Public spending cuts and capital restrictions on banks have exacerbated drug supply problems in Greece
Amid this summer’s uncertainty over Greece’s position in Europe, it became clear to Greeks that locating basic medicines was becoming increasingly tough. Pharmacists complained about unpredictable deliveries from wholesalers, while wholesalers accused big pharmaceutical companies of choking off drug supply.
To make matters worse, some wholesalers began demanding cash, something pharmacies had trouble with, as the capital restrictions imposed on Greek banks began to grind away at a proper functioning market economy. The government itself stands accused of non-payment of rebates to pharmacies, while hospitals and the state-backed health insurer reputedly fell further behind on payment obligations.
‘Everyone is blaming everyone else,’ observes market analyst Brendan Melck at IHS. ‘Pharmacists and wholesalers suggest producers are restricting supplies to Greece, but producers say it is all down to parallel exports.’
Big pharma frets
The Greek medical supply chain is extremely fragmented, with several hundred wholesalers involved in distribution, and half of all drugs imported. Pharmaceutical companies set down their concerns in an open letter to the European commissioner for health in June. If Greece reverted to the Drachma, the price it pays for medicines would fall precipitously and the European Federation of Pharmaceutical Industries and Associations (EFPIA) wanted reassurance that this would not have a knock-on effect on pricing around Europe, since many countries set prices based on international references.
The second concern was over parallel trade. If drug prices dropped in Greece, this would make it more profitable to re-export drugs out of the country. As well as eroding firms’ revenues, this could exacerbate shortages within Greece, and potentially pose a threat to public health. ‘Firms sell to a country for patients within that country, not so someone else can make a profit by re-selling [products] outside the country, although European law permits this to happen,’ says EFPIA spokesman Faraz Kermani.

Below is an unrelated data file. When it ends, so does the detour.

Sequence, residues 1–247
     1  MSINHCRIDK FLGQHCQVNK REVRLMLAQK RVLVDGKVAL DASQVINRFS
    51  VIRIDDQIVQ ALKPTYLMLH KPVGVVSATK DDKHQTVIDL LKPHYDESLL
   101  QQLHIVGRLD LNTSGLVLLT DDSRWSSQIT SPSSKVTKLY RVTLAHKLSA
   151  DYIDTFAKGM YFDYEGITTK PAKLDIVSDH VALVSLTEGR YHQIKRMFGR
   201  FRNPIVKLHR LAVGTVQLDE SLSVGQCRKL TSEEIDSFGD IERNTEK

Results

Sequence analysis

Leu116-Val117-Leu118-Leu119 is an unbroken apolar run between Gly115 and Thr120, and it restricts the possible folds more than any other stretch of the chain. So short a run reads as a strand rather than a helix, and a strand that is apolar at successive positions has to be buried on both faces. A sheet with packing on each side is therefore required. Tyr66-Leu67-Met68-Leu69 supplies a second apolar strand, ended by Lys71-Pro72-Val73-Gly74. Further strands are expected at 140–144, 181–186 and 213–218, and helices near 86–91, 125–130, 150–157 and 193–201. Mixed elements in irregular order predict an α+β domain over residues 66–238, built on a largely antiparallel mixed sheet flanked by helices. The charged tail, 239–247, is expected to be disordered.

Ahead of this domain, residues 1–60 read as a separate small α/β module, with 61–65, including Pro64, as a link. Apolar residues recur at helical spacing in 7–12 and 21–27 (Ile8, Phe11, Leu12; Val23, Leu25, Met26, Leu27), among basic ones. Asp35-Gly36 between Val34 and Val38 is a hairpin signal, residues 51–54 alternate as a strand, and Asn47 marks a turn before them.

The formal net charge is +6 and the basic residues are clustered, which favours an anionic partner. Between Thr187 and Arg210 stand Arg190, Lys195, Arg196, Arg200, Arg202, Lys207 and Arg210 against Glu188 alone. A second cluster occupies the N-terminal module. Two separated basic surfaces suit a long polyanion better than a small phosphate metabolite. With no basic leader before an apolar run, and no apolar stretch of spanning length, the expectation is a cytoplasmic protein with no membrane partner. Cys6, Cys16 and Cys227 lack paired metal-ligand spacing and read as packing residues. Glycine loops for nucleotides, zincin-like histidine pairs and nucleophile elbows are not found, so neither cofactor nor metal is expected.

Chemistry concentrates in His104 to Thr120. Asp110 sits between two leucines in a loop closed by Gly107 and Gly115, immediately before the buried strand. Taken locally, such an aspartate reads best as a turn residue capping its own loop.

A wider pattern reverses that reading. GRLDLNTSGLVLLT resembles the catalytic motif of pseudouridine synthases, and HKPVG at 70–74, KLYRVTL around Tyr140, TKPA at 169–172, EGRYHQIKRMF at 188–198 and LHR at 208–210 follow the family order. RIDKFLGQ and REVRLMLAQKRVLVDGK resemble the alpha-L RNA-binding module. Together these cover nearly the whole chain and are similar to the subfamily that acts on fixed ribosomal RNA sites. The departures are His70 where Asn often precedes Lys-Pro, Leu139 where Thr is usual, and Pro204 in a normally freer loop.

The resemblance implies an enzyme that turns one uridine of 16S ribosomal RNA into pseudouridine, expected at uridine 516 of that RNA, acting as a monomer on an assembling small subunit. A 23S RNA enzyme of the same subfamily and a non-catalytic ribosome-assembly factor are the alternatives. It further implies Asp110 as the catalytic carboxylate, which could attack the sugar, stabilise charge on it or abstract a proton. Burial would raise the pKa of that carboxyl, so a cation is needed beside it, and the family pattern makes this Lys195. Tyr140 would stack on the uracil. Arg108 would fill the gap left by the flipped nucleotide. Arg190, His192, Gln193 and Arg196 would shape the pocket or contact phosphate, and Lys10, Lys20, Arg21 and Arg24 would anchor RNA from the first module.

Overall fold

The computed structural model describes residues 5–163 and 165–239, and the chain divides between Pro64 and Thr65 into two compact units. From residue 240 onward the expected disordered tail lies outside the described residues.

Wholesalers accuse big pharma of restricting supplies, presumably to put a squeeze on parallel trade. The European Association of Euro-Pharmaceutical Companies, which represents the licensed parallel distribution industry, struck back with its own letter to the European commissioner in early July, accusing ‘the wealthy pharmaceutical industry’ of ‘exploiting the potential advent of another crisis in Greece for [its] own commercial purposes.’
Greek authorities imposed an export ban on 25 types of drug in mid-July; the health ministry said there had been a significant increase in some imported medicines being shipped back out of the country, with abuses by some distributors. But companies are also worried about the current arrangement of continuing to supply medicines despite unpaid bills, reported to exceed €1 billion (£710 million). ‘Some members may put in restrictions. This isn’t a bottomless pit,’ warns Kermani. ‘What we are doing now shows our commitment to patients.’
As pharmacies complained about being unable to obtain drugs from wholesalers, during the height of the standoff, Pfizer said it was unaware of any problems and was continuing to supply drugs.
Indigenous pharma sweats
Spending in the Greek health system before the crash was high and the system itself was deemed inefficient, bureaucratic and corrupt. Generic drug use in Greece was low, at around 20%. The ‘troika’ of financial institutions handling Greece’s bailout conditions (the European commission, International Monetary Fund and European Central Bank) set out to increase this to around 60% to save money. In the austerity drive that trundled on for five years, generic prices fell by 60%, says the Panhellenic Union of Pharmaceutical Industries (PEF). It complains bitterly that the previous memorandum of understanding with the troika introduced unilateral reductions to already low prices, especially generics, which suffered ‘far larger reductions in their prices, compared to more expensive drugs.’